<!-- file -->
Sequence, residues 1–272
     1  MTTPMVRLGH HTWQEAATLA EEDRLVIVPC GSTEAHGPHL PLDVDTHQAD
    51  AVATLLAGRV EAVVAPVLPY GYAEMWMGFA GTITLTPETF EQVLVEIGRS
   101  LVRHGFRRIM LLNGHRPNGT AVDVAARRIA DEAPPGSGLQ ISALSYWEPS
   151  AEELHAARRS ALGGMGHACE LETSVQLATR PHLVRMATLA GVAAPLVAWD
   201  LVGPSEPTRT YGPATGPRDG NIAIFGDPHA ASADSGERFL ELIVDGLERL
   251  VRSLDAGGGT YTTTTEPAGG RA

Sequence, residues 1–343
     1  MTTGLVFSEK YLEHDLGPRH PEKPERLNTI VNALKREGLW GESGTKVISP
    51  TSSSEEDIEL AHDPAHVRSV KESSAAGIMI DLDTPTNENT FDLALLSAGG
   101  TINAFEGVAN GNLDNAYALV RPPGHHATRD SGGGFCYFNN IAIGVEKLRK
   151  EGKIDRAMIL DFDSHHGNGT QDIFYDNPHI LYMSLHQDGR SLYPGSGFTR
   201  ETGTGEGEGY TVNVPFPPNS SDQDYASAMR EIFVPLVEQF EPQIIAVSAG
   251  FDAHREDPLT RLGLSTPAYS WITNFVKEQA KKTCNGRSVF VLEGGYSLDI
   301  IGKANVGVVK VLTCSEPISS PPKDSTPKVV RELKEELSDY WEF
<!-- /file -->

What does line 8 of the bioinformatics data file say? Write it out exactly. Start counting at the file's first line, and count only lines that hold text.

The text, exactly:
Sequence, residues 1–343